Why is this in my head?

Why is this in my head? This is a thought I have had for a few years now. This is a thought that plagues my other thoughts when I am trying to spend quality focused time with my family. This is a thought I carry when I am trying to focus on my work. I can’t get this thought out of my mind! In fact, it has only gotten louder, and sometimes it is the only thought I can even think. It is a thought that rakes me over the coals. It is a thought that brings me to my knees in tears of repentance. It is a thought that keeps on thinking, and absolutely will not go away. It is a thought that I have finally given into and begun an exploration of uncharted waters. Ususally, I find myself where I never imagined I would be. Honestly, sometimes I wish I could go back to before this thought broke into my conscienceness. Life was easier then.

 What thought, you may ask?

Why isn’t Jesus ever good enough for us?

Why are we always looking for something else? Don’t mistake what I am saying. I am a good and proper evangelical! I know that Jesus is the Way, the Truth, and the Life. I know that He is the only reason I could ever even think about speaking to or approaching God. I know that Jesus is sufficient for my eternal salvation. That is not the question in my mind.

Instead, the question revolves around life after being born again. If Jesus is enough to save me, forgive me, cleanse me, and make me acceptable to God, why isn’t He good enough to make me who He wants me to be afterward? Why isn’t His method of discipleship good enough to pattern our methods after? Why is His simplicity not good enough for our complicated lives? Why do we think our classes, methods, books, papers, ideas, or whatever are better for getting the lost world turned toward Jesus?

I will confess that I am quite the idiot. I haven’t figured anything out except for some reason Jesus loved me and us enough to offer Himself in our place to pay our debt of sin. That’s pretty stinkin’ good!! Yet, if He, in fact, is that good, why on earth do we stop there? Why do we focus on the Virgin Birth and the Crucifixion with the subsequent Resurrection, and nearly forget about the 33 1/2 years in between? Why don’t we spend more time in our seminaries talking about what Jesus did to start His first church, rather than focusing all our attention on Paul? (Not to discredit Paul, or ignore him, but to give him his proper place behind Jesus!) Why don’t we spend more time talking about what Jesus did from our pulpits and lecterns? Why don’t we give Jesus the preimenense He rightly deserves? If He is good enough for salvation, why can’t He be good enough post-salvation?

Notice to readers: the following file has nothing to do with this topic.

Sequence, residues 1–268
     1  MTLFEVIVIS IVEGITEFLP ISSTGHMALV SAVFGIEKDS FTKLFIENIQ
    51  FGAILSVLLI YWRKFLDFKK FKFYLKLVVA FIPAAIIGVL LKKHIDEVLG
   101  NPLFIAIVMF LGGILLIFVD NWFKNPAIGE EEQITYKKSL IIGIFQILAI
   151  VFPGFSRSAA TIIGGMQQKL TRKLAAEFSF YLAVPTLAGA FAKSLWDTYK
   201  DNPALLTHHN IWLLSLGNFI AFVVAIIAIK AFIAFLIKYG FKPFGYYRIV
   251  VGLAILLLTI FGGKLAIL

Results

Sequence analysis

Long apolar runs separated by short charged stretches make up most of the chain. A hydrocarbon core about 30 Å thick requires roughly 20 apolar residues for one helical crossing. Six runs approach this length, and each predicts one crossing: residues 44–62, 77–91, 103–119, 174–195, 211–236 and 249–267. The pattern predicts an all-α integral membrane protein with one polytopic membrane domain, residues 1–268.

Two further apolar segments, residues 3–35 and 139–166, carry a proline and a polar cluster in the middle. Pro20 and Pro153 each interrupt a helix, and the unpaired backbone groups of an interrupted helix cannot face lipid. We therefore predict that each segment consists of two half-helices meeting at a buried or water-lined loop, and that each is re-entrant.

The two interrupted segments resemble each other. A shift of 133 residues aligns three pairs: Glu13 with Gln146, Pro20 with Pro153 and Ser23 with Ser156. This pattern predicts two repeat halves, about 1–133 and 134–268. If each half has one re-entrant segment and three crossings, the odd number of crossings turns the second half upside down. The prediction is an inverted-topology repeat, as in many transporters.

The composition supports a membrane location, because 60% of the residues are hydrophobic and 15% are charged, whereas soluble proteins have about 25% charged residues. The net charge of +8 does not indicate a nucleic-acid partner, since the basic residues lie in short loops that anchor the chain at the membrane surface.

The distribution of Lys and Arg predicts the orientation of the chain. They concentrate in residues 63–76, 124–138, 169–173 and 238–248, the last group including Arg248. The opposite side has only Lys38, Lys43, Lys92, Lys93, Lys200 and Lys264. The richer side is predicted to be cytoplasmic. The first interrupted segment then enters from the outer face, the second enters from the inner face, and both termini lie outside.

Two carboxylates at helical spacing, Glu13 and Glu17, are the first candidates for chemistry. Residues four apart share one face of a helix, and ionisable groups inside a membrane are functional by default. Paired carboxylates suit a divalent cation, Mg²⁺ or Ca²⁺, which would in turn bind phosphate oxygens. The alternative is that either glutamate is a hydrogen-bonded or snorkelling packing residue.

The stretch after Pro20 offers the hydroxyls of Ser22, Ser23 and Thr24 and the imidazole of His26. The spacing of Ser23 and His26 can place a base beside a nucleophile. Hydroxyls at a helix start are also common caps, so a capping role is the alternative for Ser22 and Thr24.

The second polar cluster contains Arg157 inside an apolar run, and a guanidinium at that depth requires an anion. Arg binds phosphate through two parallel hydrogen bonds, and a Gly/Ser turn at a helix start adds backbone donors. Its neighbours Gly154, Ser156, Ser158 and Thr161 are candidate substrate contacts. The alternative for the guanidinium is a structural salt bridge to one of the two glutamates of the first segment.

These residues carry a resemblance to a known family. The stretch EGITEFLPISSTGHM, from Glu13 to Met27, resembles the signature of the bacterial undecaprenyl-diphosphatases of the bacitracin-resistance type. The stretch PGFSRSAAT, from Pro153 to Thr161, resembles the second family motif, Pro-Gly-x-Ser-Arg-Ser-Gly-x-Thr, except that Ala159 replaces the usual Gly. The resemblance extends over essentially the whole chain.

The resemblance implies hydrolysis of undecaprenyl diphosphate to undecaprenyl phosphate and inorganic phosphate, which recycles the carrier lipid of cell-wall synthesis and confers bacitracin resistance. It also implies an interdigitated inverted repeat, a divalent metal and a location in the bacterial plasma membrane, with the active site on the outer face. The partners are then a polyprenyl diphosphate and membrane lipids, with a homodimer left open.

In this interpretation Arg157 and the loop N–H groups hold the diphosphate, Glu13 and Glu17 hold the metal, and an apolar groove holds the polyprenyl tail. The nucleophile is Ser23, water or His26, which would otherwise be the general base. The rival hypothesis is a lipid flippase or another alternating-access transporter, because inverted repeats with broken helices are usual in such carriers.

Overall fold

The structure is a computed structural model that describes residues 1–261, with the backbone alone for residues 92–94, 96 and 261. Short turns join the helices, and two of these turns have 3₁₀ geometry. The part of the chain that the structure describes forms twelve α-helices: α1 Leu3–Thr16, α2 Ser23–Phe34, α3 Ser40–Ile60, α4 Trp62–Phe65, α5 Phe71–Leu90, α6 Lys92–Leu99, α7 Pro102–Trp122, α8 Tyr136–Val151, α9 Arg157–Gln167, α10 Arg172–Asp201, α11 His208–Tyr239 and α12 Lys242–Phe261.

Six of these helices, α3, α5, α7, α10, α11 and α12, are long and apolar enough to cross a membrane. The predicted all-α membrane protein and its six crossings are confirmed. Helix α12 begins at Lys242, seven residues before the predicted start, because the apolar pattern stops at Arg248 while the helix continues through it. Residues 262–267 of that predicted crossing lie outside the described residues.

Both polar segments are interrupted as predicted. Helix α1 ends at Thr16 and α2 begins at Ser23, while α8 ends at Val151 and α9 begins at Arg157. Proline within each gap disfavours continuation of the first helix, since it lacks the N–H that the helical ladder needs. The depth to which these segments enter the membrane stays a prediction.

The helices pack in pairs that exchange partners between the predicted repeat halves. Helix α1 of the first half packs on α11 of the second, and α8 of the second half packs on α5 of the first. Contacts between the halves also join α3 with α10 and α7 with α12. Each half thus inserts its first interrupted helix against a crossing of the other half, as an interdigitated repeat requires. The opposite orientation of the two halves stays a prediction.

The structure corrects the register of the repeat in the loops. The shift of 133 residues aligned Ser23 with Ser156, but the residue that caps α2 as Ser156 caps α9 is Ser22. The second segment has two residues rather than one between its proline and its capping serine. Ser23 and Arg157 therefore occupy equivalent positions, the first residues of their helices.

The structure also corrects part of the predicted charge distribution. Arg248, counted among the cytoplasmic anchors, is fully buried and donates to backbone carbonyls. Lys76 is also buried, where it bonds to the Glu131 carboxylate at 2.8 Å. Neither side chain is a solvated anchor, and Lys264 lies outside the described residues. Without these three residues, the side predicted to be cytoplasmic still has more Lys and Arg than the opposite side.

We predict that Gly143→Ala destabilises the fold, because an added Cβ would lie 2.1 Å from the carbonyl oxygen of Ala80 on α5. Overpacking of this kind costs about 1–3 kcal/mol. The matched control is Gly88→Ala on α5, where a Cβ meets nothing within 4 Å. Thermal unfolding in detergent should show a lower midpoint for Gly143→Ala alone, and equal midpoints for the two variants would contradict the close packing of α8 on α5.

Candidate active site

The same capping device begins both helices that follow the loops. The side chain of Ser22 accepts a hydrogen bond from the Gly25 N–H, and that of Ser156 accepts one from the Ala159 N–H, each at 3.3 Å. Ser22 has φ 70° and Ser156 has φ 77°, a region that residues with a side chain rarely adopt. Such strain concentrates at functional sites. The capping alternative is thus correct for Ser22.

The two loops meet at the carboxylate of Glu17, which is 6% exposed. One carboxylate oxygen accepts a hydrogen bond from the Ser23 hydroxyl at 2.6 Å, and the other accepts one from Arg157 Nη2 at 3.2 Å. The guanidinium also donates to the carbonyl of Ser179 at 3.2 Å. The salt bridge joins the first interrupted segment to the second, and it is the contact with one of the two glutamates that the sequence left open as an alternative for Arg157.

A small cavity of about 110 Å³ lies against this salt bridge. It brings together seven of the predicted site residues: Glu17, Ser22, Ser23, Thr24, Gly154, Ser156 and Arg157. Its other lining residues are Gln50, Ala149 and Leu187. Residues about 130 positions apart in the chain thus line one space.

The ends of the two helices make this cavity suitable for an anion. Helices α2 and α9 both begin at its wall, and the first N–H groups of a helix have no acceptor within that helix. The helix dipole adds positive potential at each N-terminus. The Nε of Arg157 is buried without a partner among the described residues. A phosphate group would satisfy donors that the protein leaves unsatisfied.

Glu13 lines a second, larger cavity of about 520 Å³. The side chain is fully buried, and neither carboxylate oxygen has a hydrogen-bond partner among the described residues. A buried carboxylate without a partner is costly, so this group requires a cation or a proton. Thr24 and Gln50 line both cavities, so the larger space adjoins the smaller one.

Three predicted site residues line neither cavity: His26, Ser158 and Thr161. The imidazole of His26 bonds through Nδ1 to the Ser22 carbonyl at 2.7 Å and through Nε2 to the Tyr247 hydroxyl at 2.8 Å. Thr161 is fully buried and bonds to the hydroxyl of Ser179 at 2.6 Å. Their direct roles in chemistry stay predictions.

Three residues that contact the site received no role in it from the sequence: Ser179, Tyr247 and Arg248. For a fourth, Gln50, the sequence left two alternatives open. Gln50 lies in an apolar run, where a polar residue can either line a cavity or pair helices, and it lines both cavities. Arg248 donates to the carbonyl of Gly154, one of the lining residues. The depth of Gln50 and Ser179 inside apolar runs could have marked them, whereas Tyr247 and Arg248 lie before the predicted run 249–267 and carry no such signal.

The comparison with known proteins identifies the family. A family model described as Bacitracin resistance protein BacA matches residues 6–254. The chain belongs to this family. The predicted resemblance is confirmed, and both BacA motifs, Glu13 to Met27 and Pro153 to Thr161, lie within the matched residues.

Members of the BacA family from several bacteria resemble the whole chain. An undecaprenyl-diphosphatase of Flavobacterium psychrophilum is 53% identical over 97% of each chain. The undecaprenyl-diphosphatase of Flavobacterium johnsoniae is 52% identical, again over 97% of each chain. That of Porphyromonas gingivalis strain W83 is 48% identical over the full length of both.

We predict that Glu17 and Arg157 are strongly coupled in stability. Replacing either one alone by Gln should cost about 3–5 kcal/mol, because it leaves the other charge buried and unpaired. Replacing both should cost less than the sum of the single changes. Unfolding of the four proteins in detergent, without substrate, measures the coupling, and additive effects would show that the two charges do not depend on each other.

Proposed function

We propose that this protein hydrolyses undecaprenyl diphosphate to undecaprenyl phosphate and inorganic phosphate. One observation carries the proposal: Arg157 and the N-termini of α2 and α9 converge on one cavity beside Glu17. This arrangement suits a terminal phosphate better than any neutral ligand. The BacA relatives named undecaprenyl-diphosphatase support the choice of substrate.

I’ll tell you why I think it is: it is just too simple. After all, we don’t get credit for brain-storming revolutionary new tactics and methods. Our books become bland and out of focus. We have to give up power and prestige. We can’t just do what we’ve always done. We can’t be lazy anymore. We must get very uncomfortable and face the brutal facts. We are not getting the job done of discipling the nations. We sit in our ivory towers of holy nostalgia, gold-tongued worship songs, and eloquent sermons, while people die and go to Hell. We throw stones at those who care enough to venture out into uncharted waters, yet we sit cuddled in our holy huddles. We have to let go, and let God. We have to actually, for the first time in our lives, trust Jesus more than we trust ourselves.

This thought scares me. Why can’t I get it out of my head? God, help us.

Thanx!

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2 Responses

  1. I think the thought renders us helpless. It makes us realize that we’re nothing and God is everything… that we must give up all that we want for all that He demands. To give up your possessions, time, talent, family, and your very self, is a scary thought. It’s a thought that fights against our natural desire for self-preservation and self-satisfaction. Basically, it’s a war against our whole human nature. The Bible tells me that a house divided against itself cannot stand, and that is what happens to us. When we give it all up, we are left in a puddle… broken and miserable. It’s only when we “let go” and “let God” that He takes us, His clay, into His masterful hands to reform us into the image of His own dear Son. It’s only when we throw it all away that we can become what God has always intended for us to be. It’s easy to say that I’ll give it all up for God, but in reality it’s an almost impossible task. Maybe that is why for almost everyone “Jesus simply is not enough…” Sad, but true

    Jeff Turpin

  2. Hey Jeff – love the new look. I enjoyed reading through all the posts and seeing you writing again. Great challenges here – especially the continual reminder to enjoy and practice the simplicity of Christ. I’m a long way from that right now, but by God’s grace I’ll get there.

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